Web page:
The FDA today issued warning letters to three companies -- Johnson & Johnson, CVS, and Walgreen -- that manufacture and market mouthwash products with claims that these products remove plaque above the gum line or promote healthy gums.
The warning letters were specific to Johnson & Johnson's Listerine Total Care Anticavity Mouthwash, CVS' Complete Care Anticavity Mouthwash, and Walgreen's Mouth Rinse Full Action.
These products contain the active ingredient sodium fluoride. While the FDA has determined that sodium fluoride is effective in preventing cavities, the agency has not found this ingredient to be effective in removing plaque or preventing gum disease.
"It is important for the FDA to take appropriate enforcement action when companies make false or unproven product claims to ensure that consumers are not misinformed or misled," said Deborah Autor, director of the Office of Compliance in FDA's Center for Drug Evaluation and Research, in a press release.
Under federal law, a company cannot claim its product is effective in treating a disease unless those claims have been reviewed and approved by the FDA in a new drug application or the active ingredient has been generally recognized as safe and effective for these claims in an over-the-counter drug monograph.
In the letter to Johnson & Johnson, for example, Diana Amador-Toro, director of the FDA's New Jersey District Office, noted that "no mouthwash with sodium fluoride as the active ingredient has been included or proposed for inclusion in any monograph for the antiplaque/antigingivitis indications claimed for Listerine Total Anticavity Mouthwash; that ingredient is not included among those under evaluation in the ANPR [advance notice of proposed rulemaking] for antiplaque/antigingivitis drug products, nor does the anticaries monograph at 21 CFR [code of federal regulations] part 355, which does include the active ingredient of sodium fluoride, include antiplaque claims as recognized claims."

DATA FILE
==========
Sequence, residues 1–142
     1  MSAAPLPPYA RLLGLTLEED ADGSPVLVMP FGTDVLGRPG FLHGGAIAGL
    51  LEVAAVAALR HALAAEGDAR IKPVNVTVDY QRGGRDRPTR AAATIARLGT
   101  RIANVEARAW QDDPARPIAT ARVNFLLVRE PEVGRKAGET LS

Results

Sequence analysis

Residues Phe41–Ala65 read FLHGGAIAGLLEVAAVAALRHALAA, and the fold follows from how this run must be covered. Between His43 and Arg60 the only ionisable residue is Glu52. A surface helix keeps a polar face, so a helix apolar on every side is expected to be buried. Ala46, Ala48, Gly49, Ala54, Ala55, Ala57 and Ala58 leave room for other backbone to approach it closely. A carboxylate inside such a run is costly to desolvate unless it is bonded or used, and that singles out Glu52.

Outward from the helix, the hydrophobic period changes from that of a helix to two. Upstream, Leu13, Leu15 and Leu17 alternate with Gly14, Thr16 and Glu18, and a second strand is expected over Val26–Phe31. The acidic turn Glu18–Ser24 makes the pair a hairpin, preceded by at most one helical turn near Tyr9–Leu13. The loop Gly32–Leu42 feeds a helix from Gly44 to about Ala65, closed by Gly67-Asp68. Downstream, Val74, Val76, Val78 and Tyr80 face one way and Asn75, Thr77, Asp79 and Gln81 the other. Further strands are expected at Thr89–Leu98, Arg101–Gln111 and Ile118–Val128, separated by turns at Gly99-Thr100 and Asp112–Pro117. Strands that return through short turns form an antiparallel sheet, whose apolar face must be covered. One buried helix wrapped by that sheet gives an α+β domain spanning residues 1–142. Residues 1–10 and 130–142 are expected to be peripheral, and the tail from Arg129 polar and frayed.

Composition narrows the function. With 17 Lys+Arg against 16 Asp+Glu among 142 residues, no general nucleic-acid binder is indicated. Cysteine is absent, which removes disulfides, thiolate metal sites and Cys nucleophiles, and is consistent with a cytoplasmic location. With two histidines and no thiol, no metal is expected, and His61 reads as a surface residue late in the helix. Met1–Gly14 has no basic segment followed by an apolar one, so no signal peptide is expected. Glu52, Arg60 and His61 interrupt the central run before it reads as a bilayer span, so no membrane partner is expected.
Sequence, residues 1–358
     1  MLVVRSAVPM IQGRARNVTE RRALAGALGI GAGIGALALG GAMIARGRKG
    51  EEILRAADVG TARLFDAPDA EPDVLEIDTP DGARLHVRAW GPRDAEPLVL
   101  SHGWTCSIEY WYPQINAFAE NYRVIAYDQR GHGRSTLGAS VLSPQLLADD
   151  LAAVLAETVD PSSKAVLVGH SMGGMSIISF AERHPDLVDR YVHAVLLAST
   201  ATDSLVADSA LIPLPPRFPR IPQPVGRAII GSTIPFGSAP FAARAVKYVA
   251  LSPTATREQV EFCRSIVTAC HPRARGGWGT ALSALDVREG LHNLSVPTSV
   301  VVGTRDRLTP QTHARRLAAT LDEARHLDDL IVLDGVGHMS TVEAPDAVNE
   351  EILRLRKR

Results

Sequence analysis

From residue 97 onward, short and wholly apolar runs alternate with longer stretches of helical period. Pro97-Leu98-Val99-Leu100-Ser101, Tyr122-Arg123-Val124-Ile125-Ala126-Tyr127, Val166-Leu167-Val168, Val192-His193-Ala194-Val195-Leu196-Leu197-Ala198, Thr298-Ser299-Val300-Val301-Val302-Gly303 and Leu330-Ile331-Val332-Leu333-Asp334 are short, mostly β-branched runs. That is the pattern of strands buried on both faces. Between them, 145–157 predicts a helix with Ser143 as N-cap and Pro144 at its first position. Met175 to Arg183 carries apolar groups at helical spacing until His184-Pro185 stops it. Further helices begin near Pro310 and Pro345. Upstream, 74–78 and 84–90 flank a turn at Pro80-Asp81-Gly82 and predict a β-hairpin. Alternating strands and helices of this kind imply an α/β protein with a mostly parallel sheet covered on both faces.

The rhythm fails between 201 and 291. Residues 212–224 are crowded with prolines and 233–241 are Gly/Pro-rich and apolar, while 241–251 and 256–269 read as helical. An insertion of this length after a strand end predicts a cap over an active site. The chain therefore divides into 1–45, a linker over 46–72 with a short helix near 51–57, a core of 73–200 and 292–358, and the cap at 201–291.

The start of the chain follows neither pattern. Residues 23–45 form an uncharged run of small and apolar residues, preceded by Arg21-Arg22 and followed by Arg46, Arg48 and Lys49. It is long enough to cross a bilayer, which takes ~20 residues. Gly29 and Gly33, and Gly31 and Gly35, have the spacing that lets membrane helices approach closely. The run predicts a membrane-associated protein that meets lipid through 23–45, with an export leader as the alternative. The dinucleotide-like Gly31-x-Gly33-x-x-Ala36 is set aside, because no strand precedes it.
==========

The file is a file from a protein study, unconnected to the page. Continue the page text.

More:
As formulated and labeled, Listerine Total Anticavity Mouthwash is not generally recognized as safe and effective for the antiplaque indications in its labeling, thus is considered a new drug under the Federal Food, Drug, and Cosmetic Act, she noted.
"Under section 505(a) of the Act (21 U.S.C. § 355(a)), a new drug may not be introduced or delivered for introduction into interstate commerce unless it is the subject of an FDA-approved application," Amador-Toro wrote. The marketing of Listerine Total Anticavity Mouthwash without an FDA-approved application thus violates this provision of the act, she noted.
The FDA actions are part of the agency's effort to curtail an increasing number of Federal Food, Drug, and Cosmetic Act violations among the makers and marketers of mouthwashes concerning unproven claims of therapeutic benefits.
To date, the FDA is unaware of any injuries or adverse health effects related to the use of these mouth rinse products. Consumers who have these products may continue to use the products for cavity prevention without risk of injury but should be aware that the FDA has no data to show that these products can prevent gum disease.
Companies that received FDA warning letters are required to take appropriate action to correct these violations within 15 days. Failure to do so may result in seizure of the product or other civil or criminal penalties.
"Johnson & Johnson Healthcare Products Division of McNeil -PPC is in receipt of the letter from the U.S. Food and Drug Administration, and the company will respond to the agency in an appropriate and timely manner," Johnson & Johnson said in a statement.
Walgreens had a similar response. "We are committed to working with the FDA on this matter and will be responding to their letter accordingly," said Tiffani Washington, manager of media relations.
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